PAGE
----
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Deep Brain Stimulation (DBS) therapy is a type of surgery that can be used to help children with movement disorders. Its primarily use in children is for the treatment of dystonia. Dystonia is a type of movement disorder in which faulty brain signals cause involuntary muscle contractions. These lead to abnormal movements, which typically are repetitive twisting or contorting of the arms, legs, neck or other body parts.
Dystonia’s are disorders that involve involuntary sustained muscle contraction, which result in repetitive, patterned movements causing abnormal posture and can be severely debilitating and painful. Dystonia is a chronic disorder, but the vast majority of dystonia’s do not impact cognition or intelligence. Most children with dystonia have a normal life expectancy.
Dystonia may begin in childhood or young adulthood, and may be genetic (often called “primary dystonia”) or be acquired secondarily to an insult to the brain such as hypoxia, premature delivery or a perinatal brain injury resulting in cerebral palsy (“secondary dystonia”). Some children with dystonia need detailed genetic investigations if no obvious cause can be found on brain imaging or looking at the clinical history.
Dystonia may occur only in a specific part of the body, like the eyelid or hand, or it may affect many body regions.
There are five main types of dystonia:
Focal dystonia – a single region, such as the hand or eyes, is affected e.g. cervical dystonia, writer's cramp, blepharospasm and laryngeal dystonia.
Segmental dystonia – two or more connected regions of the body are affected e.g. hemifacial spasm
Multifocal dystonia – two or more unconnected regions of the body are affected e.g. left arm and left leg
Hemidystonia – one entire side of the body is affected
Generalised dystonia – the trunk and at least two other parts of the body are affected
Dystonia may be present at rest, but often becomes much worse when the child is doing a specific task or motion, such as writing or walking. As a result, dystonia can become highly disabling. Dystonia is often painful, and the abnormal movements and postures may embarrass the child and make it difficult to perform well in school. Some children become wheelchair-dependent, and if dystonia is left untreated for years, it can cause permanent damage to joints and muscles as limbs become fixed into an abnormal position.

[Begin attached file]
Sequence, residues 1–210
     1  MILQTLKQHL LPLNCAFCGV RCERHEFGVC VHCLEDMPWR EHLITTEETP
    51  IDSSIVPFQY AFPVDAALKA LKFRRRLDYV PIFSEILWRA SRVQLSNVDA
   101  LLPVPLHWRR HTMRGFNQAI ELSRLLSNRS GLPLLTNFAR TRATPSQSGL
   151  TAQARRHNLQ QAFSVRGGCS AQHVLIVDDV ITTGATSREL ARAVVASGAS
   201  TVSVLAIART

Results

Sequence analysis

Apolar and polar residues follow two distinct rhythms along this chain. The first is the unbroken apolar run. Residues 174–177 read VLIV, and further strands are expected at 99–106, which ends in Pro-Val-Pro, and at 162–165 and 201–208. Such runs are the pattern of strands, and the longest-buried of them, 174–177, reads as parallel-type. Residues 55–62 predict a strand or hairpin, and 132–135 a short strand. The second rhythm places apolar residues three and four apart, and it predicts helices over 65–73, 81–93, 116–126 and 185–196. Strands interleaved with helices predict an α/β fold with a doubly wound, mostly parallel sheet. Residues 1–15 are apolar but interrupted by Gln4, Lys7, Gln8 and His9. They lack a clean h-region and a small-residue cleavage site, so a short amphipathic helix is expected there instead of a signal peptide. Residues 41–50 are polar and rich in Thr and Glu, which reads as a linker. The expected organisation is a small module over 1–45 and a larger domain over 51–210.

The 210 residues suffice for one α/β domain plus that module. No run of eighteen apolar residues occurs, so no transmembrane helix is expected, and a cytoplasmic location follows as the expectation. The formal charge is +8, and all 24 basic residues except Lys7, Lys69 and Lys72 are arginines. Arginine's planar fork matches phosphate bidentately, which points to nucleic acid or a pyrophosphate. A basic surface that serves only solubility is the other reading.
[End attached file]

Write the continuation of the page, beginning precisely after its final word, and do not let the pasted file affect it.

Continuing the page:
Deep Brain Stimulation therapy involves the very precise implantation of small wires/leads deep into the brain, into the centres that help to control movement. These implanted stimulating leads are tunnelled under the skin and connected via lead extensions to a battery/neurostimulator which sits under the skin on the chest or abdomen. This small device is similar to a pacemaker and sends small electrical pulses to the parts of the brain that are responsible for the involuntary movements. When the neurostimulator is active it can give children with dystonia more control over their body movements. The settings of the neurostimulator are adjustable, with a handheld wireless device, to maximise the benefit for the child’s individual needs.
The entire system is under the skin and no components can be directly seen. The battery is recharged remotely much like a modern mobile phone. Rechargeable batteries have a lifespan of 15-25 years but require recharging on a regular basis, sometimes daily. At the end of the lifespan of the battery the patient has to undergo a surgical procedure to replace the battery.
The commonest target for DBS in dystonia is an area of the basal ganglia called the Globus Pallidus Internus (GPi). GPi DBS is particularly effective in primary (genetic) dystonia’s, although it may take up to 2 years to gain significant effect. Secondary dystonia’s tend to be less responsive to GPi DBS than the primary dystonias, although our experience is that the impact on the quality of life can be significant.
DBS is considered for patients who have a movement disorder which fails to be adequately treated by medical therapy which includes anticholinergic, dopaminergic or benzodiazepine medications and botulinum toxin injections.
All possible surgical candidates go through a multidisciplinary pre-operative assessment process involving neurosurgeons, neurologists, specialist nurses, physiotherapists and other allied health professionals.
After surgery, postoperative outpatient assessments are conducted regularly, particularly over the first year, by specialist movement disorder/DBS nurses and/or neurologists/neurosurgeons who optimise the stimulation parameters on the basis of patient feedback and objective measurements.
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